Making the Human Connection
Over the years gaming has gone from arcades, to living rooms, to virtually everywhere. Making the Human Connection has become easier over the last few years with video, livestreaming, social media, and voice communication services like Mumble, GameVox, Teamspeak, and Ventrilo. Not to long ago we came out of a generation where you had no other means of communication than chat text.
It's sometimes easy to overlook the fact that each of the players in a game, has a life like our own. Filled with memories both painful and joyful. Filled with stories of strife and perseverance. Each player has their own backstory and the intersection of these backstories often times makes for some fun times and conversations.
In my years of leading Gaiscioch, I've made friends with some pretty amazing people. While I never imagined myself becoming so attached to a person I met in a game, I've felt a profound connection to a few players who I've come to know. It was these connections that inspired this issue.
What is a Human Connection
This may seem obvious to some, but some this might be a foreign concept. In games we play behind a veil, this veil is commonly known as the internet. Voice and now video can pass through the internet to reveal who your talking to. Like an interactive penpal of old, but our messages no longer take weeks to arrive and conversations no longer take months and years. The internet puts communication at our fingertips and a world at our door.
The Human Connection happens when we least expect it. Suddenly we find that our relationship with others is no longer bound a game, but it transcends the game into real life. We began caring about one another and supporting one another in our personal battles. In my days of being a Gaiscioch this has happened countless times. From joining a prayer chain when a member was diagnosed with a terrible illness, to helping a new member crowdfund a new computer, my commitment to the people I game with far exceeds that limited to a game.
Going Beyond Borders
Our gaming universe today is also no longer limited to local players. We now have no borders. Players from the far reaches of the world play with one another not as Russian, German, or American, but as players from one gaming universe. People search for a united world, yet the only place you can find this is online.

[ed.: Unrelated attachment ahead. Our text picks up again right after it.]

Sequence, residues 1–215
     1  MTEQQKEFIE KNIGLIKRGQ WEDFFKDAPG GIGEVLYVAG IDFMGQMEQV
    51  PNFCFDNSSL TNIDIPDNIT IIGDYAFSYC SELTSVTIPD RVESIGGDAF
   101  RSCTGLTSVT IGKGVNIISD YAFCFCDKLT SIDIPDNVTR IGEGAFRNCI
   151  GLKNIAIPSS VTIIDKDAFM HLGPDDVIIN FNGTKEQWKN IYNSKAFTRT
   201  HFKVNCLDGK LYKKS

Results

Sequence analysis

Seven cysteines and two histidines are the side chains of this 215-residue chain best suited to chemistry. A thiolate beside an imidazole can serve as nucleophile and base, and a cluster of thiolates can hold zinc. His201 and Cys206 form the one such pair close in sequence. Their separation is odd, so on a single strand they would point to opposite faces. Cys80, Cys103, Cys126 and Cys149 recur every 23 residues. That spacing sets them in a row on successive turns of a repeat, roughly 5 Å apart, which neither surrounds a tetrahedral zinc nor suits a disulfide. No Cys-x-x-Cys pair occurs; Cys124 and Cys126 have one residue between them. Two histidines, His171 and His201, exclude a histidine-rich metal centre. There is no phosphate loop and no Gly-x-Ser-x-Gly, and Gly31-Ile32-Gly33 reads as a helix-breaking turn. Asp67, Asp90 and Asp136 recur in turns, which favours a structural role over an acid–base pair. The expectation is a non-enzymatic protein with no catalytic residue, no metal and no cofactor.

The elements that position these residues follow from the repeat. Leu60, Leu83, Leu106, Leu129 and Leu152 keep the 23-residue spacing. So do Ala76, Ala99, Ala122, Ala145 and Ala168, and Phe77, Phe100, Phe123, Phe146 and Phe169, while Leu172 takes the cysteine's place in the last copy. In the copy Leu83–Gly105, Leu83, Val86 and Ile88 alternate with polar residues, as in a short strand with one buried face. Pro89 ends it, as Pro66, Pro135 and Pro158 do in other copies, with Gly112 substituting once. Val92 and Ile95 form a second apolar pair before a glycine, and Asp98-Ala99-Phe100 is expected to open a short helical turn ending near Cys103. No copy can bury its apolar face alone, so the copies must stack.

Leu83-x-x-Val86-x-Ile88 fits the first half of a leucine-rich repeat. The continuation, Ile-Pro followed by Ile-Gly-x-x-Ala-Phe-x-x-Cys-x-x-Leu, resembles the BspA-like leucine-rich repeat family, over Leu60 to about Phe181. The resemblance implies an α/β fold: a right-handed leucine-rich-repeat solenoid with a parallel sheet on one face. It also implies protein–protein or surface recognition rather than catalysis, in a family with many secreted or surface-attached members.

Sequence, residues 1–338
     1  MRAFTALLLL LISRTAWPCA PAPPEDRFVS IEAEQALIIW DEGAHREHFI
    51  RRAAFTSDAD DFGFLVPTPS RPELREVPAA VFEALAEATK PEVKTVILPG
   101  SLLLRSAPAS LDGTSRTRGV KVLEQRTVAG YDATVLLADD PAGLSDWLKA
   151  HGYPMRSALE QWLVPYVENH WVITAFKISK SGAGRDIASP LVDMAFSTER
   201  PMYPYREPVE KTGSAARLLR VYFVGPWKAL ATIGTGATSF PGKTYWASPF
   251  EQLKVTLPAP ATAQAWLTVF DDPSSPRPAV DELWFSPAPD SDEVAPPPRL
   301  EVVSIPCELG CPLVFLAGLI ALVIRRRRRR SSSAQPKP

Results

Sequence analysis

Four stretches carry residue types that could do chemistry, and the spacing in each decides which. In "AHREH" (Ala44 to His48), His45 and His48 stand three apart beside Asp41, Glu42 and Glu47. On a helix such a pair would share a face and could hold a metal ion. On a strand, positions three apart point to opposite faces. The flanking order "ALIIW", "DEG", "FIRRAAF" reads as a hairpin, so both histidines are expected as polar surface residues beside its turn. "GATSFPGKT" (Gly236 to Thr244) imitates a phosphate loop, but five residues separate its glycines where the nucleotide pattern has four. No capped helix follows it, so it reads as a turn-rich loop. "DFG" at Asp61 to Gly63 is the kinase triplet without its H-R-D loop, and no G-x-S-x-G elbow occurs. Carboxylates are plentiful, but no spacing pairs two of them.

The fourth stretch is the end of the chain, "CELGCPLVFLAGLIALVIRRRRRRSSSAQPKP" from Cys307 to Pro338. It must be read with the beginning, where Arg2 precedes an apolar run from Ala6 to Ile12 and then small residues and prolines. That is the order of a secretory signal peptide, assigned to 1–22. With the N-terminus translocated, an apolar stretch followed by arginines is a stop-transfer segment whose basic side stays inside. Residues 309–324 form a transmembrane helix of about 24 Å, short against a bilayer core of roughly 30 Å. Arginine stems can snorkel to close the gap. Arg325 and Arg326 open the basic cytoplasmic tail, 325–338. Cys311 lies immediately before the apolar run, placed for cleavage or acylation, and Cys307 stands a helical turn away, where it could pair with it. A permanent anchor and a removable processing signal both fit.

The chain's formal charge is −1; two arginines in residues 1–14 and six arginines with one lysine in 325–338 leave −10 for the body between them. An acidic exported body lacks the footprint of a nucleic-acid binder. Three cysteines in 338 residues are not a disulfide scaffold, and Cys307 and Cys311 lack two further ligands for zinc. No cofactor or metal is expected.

The Gaiscioch Social Gaming Community for example has players from 74 different countries. Everywhere from the US and Canada to Argentina, South Africa, Afghanistan, Germany, Spain, and Russia. The world of politics would tell us we're supposed to be mortal enemies, however in the gaming space we are allies who go into battle with one another. Some of my closest friends have been from countries who in history did not get along.
Having the world at your fingertips brings new challenges and new advantages. For example, when the story in the Ukraine broke, we were able to hear it from Ukrainians who were living the situation. Having this view of the world events allows us to see the truth and see how the media is turning misinformation into fear propaganda. We have the world's knowledge at our fingertips. We no longer have to rely on hearing one side of the story.
The beauty of online communities is that we share knowledge from every country in the world in one giant resource pool. No matter what your dilemma is, someone most likely knows how to help. Have a computer problem? There are several IT guys in the community. Have car trouble, there are several mechanics? Feeling a bit off, cloudy and ill? There are nurses and doctors. In my days on the internet I've socialized with everyone from teachers, to politicians, to soldiers, and lawyers. Every single profession is converging on the internet and whatever your problem is, the knowledge is there, just for the asking.
Dealing with Cultural Differences
Culture is a curious thing. For some of us like myself it's the reason I game. I love people, lifestyles, and cultures. I love to hear about the world from the perspectives of people who live there. Once you begin hearing it first hand, the news becomes rather comical.
The key to running a successful global community is in building a foundation of understanding and acceptance. The global gaming scene is no place for assumption and preconceived notions. Often times what we have been told by our news, our countries leaders, and our local politicians is far from the reality we see every day.